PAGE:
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Foods 2018, 7(2), 16; https://doi.org/10.3390/foods7020016

Adoptable Interventions, Human Health, and Food Safety Considerations for Reducing Sodium Content of Processed Food Products

Public Health Microbiology Laboratory, College of Agriculture, Human and Natural Sciences, Tennessee State University, Nashville, TN 37209, USA
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Received: 19 December 2017 / Revised: 23 January 2018 / Accepted: 26 January 2018 / Published: 1 February 2018
(This article belongs to the Special Issue Food Reformulation and Innovation for Human Health)
View Full-Text   |   Download PDF [237 KB, uploaded 1 February 2018]

Abstract

Although vital for maintaining health when consumed in moderation, various epidemiological studies in recent years have shown a strong association between excess dietary sodium with an array of health complications. These associations are robust and clinically significant for development of hypertension and prehypertension, two of the leading causes of preventable mortality worldwide, in adults with a high-sodium diet. Data from developed nations and transition economies show worldwide sodium intake of higher than recommended amounts in various nations. While natural foods typically contain a moderate amount of sodium, manufactured food products are the main contributor to dietary sodium intake, up to 75% of sodium in diet of American adults, as an example. Lower cost in formulation, positive effects on organoleptic properties of food products, effects on food quality during shelf-life, and microbiological food safety, make sodium chloride a notable candidate and an indispensable part of formulation of various products. Although low-sodium formulation of each product possesses a unique set of challenges, review of literature shows an abundance of successful experiences for products of many categories. The current study discusses adoptable interventions for product development and reformulation of products to achieve a modest amount of final sodium content while maintaining taste, quality, shelf-stability, and microbiological food safety. View Full-Text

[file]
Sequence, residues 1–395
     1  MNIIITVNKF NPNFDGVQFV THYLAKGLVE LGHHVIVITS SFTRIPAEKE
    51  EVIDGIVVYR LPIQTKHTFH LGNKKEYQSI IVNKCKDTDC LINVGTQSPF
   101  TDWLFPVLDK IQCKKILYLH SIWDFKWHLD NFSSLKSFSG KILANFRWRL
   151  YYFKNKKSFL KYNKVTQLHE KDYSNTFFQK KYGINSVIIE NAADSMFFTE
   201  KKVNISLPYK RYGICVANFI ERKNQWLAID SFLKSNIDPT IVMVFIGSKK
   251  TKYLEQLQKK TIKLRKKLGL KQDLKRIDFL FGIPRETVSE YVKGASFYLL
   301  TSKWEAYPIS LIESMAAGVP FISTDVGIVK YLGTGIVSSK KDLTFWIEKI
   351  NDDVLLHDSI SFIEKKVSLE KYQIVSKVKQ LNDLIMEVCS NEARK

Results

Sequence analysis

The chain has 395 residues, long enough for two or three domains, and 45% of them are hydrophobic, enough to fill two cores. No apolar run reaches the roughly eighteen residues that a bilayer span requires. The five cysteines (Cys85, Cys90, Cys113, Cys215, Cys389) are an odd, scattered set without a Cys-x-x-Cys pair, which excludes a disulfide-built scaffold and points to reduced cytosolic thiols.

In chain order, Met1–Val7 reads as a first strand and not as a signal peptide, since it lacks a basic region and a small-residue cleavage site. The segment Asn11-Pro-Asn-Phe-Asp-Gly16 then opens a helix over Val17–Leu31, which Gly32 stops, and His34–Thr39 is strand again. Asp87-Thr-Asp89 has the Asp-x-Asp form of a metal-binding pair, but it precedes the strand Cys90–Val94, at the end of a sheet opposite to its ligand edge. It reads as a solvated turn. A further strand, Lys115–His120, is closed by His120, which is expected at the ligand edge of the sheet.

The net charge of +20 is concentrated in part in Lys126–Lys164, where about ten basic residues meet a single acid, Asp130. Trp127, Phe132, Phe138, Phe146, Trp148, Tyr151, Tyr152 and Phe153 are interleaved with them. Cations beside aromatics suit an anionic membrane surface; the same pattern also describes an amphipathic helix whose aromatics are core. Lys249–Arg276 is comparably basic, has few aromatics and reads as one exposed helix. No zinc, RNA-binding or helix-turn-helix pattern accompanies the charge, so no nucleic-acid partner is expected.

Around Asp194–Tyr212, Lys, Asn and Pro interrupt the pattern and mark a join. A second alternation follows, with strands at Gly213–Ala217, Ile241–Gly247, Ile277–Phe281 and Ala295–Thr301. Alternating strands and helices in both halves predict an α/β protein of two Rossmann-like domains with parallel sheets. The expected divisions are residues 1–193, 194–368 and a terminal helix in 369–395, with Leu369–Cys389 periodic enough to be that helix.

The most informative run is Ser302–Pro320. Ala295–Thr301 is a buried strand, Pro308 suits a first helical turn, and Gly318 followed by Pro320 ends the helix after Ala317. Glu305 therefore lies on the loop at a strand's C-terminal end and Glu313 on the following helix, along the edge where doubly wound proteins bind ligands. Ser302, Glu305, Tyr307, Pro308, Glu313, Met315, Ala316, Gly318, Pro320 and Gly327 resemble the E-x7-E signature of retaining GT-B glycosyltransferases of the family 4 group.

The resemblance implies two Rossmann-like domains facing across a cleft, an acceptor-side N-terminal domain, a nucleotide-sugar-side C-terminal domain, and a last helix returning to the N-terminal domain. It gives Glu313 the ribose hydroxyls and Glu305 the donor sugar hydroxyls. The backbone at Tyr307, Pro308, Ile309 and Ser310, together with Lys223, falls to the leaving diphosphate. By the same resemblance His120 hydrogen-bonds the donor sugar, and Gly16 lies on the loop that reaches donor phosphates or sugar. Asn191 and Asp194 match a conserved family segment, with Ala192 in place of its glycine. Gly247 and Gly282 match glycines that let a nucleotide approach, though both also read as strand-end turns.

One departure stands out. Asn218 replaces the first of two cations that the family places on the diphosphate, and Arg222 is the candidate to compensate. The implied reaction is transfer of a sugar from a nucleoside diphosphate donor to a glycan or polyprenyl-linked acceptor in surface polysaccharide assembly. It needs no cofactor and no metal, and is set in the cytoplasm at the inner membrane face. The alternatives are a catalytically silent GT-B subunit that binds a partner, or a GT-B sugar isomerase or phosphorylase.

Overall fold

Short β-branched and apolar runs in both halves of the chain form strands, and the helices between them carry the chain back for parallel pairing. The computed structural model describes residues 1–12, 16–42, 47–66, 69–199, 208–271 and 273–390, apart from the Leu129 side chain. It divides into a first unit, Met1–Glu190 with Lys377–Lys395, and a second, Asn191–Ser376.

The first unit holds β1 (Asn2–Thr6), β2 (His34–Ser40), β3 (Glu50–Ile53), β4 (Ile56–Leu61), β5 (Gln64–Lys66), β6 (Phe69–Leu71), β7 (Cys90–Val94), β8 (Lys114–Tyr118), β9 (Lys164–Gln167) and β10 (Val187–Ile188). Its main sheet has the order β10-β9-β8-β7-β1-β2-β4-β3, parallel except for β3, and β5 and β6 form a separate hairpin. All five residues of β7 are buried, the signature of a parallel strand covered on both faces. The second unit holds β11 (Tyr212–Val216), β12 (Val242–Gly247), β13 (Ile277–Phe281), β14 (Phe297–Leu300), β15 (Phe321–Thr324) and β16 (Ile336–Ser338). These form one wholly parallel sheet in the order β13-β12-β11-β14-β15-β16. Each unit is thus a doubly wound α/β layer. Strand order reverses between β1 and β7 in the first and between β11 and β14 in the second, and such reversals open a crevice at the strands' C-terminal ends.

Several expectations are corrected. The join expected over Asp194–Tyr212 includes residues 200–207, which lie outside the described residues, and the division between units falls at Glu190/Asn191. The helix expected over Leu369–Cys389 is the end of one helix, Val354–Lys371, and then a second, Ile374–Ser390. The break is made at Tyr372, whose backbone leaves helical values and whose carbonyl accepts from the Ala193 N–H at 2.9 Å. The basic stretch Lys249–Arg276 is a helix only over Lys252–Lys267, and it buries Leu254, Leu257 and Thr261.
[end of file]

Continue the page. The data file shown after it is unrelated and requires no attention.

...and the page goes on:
Keywords: adoptable intervention; excess dietary sodium; sodium reduction; food safety; processed foods adoptable intervention; excess dietary sodium; sodium reduction; food safety; processed foods
This is an open access article distributed under the Creative Commons Attribution License which permits unrestricted use, distribution, and reproduction in any medium, provided the original work is properly cited. (CC BY 4.0).
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Allison, A.; Fouladkhah, A. Adoptable Interventions, Human Health, and Food Safety Considerations for Reducing Sodium Content of Processed Food Products. Foods 2018, 7, 16.

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